17.032 nesting and linear narratives

From: Humanist Discussion Group (by way of Willard McCarty willard.mccarty@kcl.ac.uk)
Date: Fri May 23 2003 - 05:25:20 EDT

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                    Humanist Discussion Group, Vol. 17, No. 32.
           Centre for Computing in the Humanities, King's College London
                         Submit to: humanist@princeton.edu

             Date: Fri, 23 May 2003 08:06:40 +0100
             From: Willard McCarty <willard.mccarty@kcl.ac.uk>
             Subject: linear narratives & nesting

    [On behalf of Ryan Deschamps --WM]

    >Dr. Willard:
    >Regarding your (perhaps mostly rhetorical) statement "Are there any
    >[linear narratives] that are *strictly* linear, or is this a rather
    >unproductive notion of the hypertext evangelists?" I would like to
    >emphatically argue that "it depends" :) (actually, I mostly want to
    >explore your statement further).
    >To concur with your above statement, I think it would be foolish to argue
    >in any essentialist fashion that a "strictly" linear narrative exists.
    >But I do question the extent to which anyone would really argue that
    >point. I imagine the term (like most abstract terms in the english
    >language) to refer loosely to the extent to which something is linear or
    >nested -- but that definition would relate more to how I perceive its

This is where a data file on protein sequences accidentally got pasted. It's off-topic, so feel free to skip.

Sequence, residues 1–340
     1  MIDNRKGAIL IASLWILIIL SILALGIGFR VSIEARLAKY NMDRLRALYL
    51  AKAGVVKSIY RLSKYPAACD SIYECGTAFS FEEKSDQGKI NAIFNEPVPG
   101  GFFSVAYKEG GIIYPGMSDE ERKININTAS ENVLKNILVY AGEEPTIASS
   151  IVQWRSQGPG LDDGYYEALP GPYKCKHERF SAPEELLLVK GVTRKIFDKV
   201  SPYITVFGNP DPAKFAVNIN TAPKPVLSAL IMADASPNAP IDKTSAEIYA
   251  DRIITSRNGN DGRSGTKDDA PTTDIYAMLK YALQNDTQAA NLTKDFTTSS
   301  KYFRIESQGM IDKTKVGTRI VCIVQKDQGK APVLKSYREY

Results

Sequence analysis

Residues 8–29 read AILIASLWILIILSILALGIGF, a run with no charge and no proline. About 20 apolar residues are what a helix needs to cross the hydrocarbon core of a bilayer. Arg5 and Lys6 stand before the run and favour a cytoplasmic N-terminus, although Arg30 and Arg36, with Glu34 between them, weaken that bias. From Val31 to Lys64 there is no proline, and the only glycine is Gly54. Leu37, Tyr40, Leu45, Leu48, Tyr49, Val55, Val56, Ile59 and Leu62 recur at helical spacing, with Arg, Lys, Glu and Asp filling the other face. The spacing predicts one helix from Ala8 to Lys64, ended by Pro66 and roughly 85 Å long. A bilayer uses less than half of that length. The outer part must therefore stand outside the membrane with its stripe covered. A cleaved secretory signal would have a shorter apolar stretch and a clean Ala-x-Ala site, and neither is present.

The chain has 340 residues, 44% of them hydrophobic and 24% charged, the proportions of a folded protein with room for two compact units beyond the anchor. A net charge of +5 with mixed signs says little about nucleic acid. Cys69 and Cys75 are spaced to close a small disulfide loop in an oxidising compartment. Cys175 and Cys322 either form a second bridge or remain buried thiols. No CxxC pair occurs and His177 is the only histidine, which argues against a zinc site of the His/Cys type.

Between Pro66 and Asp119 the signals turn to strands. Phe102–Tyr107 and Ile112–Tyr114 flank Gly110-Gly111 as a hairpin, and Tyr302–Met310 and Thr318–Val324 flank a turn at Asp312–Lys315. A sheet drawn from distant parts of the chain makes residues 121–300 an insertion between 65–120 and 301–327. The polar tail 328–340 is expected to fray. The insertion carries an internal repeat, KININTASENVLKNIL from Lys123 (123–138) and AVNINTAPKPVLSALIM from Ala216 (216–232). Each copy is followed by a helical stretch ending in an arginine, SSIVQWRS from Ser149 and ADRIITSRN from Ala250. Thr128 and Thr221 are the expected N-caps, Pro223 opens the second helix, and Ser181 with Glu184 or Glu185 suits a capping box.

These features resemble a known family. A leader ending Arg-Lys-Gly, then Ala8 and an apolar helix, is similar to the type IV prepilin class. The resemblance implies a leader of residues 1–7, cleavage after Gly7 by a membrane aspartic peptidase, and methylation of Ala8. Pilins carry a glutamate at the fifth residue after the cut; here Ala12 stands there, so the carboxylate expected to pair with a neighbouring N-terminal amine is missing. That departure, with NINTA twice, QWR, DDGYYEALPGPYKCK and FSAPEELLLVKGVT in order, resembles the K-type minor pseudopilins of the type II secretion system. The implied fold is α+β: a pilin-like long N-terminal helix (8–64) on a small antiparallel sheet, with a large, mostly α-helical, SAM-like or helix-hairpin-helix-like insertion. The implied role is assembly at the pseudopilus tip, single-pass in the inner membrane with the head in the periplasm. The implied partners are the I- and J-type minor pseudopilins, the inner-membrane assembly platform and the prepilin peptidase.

>usage rather than any denotation I have seen.
    >Any first-person narrative, for example, automatically includes two
    >levels: 1) the person's conversation with the "audience" (mystically a
    >cross between the "real life" reader and an "imagined" reader) and 2) the
    >story that is being related to the audience (that, in turn, may nest other
    >narratives as well). Further, you could call my little essay here
    >"nested" because -- while you read this message in the present -- I have
    >put plenty of my past experience/readings etc. along with the
    >message. Yet I still would argue that -- while technically nested -- most
    >professors would not bother to include such a narrative as _Henderson the
    >Rain King_ or any of my essays (quality of writing aside) in a course
    >about framed narratives.
    >However, one way I have thought of seeing the "nested" or "framed"
    >narratives "genre" is by the emphasis that gets placed on the act of
    >communication from one individual to another. Framed narratives -- as I
    >have seen them -- tend to put the act of communication/information
    >retrieval/historiography at the forefront, which makes them quite
    >interesting to a society in a so-called information age. I would call
    >Chaucer's tactic of blaming "characters" for all the offensive things that
    >happen in _Canterbury Tales_ would be another important tactic ("indirect
    >criticism") of the framed narrative as well.
    >While I'm at it, though -- I think we can add Plato's _Symposium_ to the
    >list of more than three nests: a guy tells another guy that socrates told
    >a story that was told to him by Diotima(?) about love. Considering
    >Alcibiades intrusion and general inability to comprehend what Socrates is
    >all about, I would say that communication from one person to another (and
    >perhaps its relationship to love)is an important theme in the book.
    >And how does this relate to electronic communication: tune in next week
    >true believers . . . :)?
    >Ryan. . .
    >Ryan Deschamps
    >MLIS/MPA Candidate -- Faculty of Management, Dalhousie University

    Dr Willard McCarty | Senior Lecturer | Centre for Computing in the
    Humanities | King's College London | Strand | London WC2R 2LS || +44 (0)20
    7848-2784 fax: -2980 || willard.mccarty@kcl.ac.uk

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